When students and families in Albany County School District No. 1 struggle with homelessness, a housing situation in flux is usually not the only stressor in their lives.
Students may not have enough food. They might need school supplies or winter clothing. They might not have enough gas to get to school or work. Maybe they want to join a sports team but need a physical first.
Whatever the need, the district’s Student Success Services program aims to meet it.
The program has expanded during the last five years through the efforts of Lisa Theis, the district’s Student Success liaison, who said her goal is for the program to serve as a hub for students and families facing financial hardship, particularly those at risk of homelessness.
“We cover a lot of ground,” she said.
In cooperation with other community agencies, the program assists students with day-to-day necessities such as sports physicals, clothing, school supplies, household supplies, bedding, kitchenware, furniture, vaccinations, gas, haircuts, eyeglasses, laundry and more.
“What we want to do is make sure we even the playing field for all of our kids so they can fully participate in academics, in extracurricular activities, sports, clubs,” she said. “Let’s help fill those gaps, so if we can take a little bit of that stressor off of them, they can focus on other things.”
The Laramie Woman’s Club is planning to support the efforts of Student Success Services through its upcoming Bunco Party, which is scheduled for 1:30 p.m. Feb. 10 at the Eppson Center for Seniors, 1560 N. Third St. Doors open at 12:30 p.m.
Tickets are $20 and include food, drinks, door prizes and a 50-50 raffle. Club member Lynda Hidalgo said proceeds from the annual fundraiser, now in its sixth year, are used to support local community groups.
Theis began working as the Student Success liaison five years ago and has been growing the program whenever she encounters a new way it can support students. She’s based at Laramie Middle School, where she has a room lined with cabinets stuffed with snacks, take-home food and school supplies such as binders, notebooks, pencils, pens folders and paper.
“We all know we can’t focus when we’re hungry,” she said. “This tides them over so they can stay focused.”
A closet down the hall has shelves brimming with boots, winter coats, shoes, hoodies, socks, gloves, hats and 2-inch zippered-binders. Supplies are distributed around the district as teachers and other employees see a need.
The running joke at the school, she said, is which space she’ll take over next for additional storage.
At home, she’s filled an unused fifth-wheel camper with mattress pad covers, pillows, bed linens, comforters, blankets, dishtowels, bath towels, wash cloths and laundry baskets. She stashes furniture in a storage room at the old football stadium.
Theis picks up stuff whenever she sees it, such as furniture sales when dormitories at the University of Wyoming and WyoTech close. Twin beds are always a need.
“Dressers are like gold,” she said. "I snag those up pretty quickly because they just go right back out."
She shops garage sales and department store clearance aisles for bedding and household items — slow cookers can always be put to good use — often spending her own money and working on her own time. She makes sure to supply only new pillows and mattress pad covers even if the rest of the furniture is used.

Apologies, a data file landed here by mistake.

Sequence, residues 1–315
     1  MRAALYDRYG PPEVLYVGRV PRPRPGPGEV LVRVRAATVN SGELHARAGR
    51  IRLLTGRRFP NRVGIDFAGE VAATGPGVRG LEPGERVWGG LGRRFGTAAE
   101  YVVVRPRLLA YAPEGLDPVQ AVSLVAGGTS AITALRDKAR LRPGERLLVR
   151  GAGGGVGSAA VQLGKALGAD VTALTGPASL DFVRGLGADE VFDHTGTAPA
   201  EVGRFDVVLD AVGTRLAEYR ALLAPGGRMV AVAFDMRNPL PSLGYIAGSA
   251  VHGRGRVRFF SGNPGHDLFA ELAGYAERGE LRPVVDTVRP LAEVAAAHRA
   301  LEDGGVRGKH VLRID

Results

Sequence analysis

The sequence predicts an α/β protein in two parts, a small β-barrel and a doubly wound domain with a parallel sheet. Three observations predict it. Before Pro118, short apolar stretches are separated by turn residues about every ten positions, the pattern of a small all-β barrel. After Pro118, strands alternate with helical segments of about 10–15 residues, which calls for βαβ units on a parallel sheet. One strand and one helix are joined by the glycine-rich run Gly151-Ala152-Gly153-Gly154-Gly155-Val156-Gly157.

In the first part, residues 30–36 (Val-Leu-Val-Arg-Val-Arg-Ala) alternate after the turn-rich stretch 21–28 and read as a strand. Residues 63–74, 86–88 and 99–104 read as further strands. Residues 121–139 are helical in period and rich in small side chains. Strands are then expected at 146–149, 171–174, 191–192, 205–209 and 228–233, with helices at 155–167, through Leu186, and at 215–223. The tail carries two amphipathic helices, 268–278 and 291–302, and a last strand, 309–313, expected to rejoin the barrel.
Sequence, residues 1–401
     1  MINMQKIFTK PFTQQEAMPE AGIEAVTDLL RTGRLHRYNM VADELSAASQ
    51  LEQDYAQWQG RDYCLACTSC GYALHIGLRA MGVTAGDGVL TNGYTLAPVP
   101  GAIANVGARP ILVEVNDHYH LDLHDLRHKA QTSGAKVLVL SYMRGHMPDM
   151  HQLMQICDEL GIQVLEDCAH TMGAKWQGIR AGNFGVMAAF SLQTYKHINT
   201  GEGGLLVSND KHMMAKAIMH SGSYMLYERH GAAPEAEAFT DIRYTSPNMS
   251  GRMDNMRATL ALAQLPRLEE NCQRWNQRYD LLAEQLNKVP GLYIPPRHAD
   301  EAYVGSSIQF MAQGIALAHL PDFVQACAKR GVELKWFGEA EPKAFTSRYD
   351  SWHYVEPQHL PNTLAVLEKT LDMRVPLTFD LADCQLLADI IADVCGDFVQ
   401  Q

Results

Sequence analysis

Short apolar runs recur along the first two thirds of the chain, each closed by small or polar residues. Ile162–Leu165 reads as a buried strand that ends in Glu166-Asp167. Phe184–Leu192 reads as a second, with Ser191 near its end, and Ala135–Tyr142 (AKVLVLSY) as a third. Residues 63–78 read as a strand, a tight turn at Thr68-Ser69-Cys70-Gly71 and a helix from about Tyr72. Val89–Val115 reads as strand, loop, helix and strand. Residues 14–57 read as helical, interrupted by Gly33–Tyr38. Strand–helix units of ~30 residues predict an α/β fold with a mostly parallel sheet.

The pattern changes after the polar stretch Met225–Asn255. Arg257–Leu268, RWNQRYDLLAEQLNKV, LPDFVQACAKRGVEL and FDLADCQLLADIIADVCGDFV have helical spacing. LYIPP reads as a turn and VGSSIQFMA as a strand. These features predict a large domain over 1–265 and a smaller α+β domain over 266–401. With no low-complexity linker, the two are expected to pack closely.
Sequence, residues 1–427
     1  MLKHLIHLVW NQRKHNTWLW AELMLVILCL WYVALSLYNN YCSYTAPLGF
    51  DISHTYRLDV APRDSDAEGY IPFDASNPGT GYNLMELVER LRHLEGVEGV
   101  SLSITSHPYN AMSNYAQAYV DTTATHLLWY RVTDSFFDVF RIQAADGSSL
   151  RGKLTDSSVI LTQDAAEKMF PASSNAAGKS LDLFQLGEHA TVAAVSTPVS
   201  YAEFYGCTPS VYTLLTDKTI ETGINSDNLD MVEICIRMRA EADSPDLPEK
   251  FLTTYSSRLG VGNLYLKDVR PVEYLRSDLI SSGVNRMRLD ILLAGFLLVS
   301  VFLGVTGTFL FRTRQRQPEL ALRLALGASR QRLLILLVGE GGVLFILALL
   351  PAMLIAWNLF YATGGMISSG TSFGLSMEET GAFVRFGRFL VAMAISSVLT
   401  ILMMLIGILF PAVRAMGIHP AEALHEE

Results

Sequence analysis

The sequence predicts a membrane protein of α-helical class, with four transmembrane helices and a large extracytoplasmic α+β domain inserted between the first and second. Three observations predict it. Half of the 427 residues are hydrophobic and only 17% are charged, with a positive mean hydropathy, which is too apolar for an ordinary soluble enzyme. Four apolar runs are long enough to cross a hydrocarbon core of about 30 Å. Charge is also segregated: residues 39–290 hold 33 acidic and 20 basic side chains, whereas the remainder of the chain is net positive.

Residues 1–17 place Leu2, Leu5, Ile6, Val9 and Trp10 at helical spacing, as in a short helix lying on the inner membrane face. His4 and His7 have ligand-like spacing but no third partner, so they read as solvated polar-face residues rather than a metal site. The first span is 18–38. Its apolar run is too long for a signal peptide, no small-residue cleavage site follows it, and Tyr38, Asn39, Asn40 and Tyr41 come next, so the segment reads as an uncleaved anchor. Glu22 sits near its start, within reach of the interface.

“I want families to feel like they’re getting something new,” she said.
Theis said the district has identified 42 homeless students so far this year, which is on pace to exceed the average of 60-65 students per year.
The district’s guidelines are based on federal legislation that differs slightly from other organizations that also track homelessness.
In the case of students, transitional living situations include living in a shelter, motel, campground, car, park, abandoned building or with friends or relatives because of loss of housing or economic hardship.
All district employees undergo training to help them identify students in transitional housing situations. Theis receives referrals from community agencies and businesses. Families are asked about their housing when they register students, and students also self-identify.
Theis said the resources offered through Student Success Services, even the occasional formal dress or dance ticket, help students gain confidence, connect with their school community and fit in.
“It feels good when you have clean clothes and your belly’s full,” she said. “When you come to school, you can blend in with the rest of the kids.”
Brittany Brigham, a graduate student studying social work who’s working with Theis this year, said she’s impressed by the cooperation between agencies working toward the same goals, including Student Success Services.
“It’s really inspiring to see the different agencies in town come together and people working together,” she said.
Theis said community members who support Student Success Services don’t get to see the end result of their donation, but donations do make a difference and are appreciated.
“It’s one of those stressors that’s off their plate, and that allows them to focus on other things,” she said of recipients. “Maybe it frees up a little extra time to do something fun with the family instead of taking care of some of those basic needs.”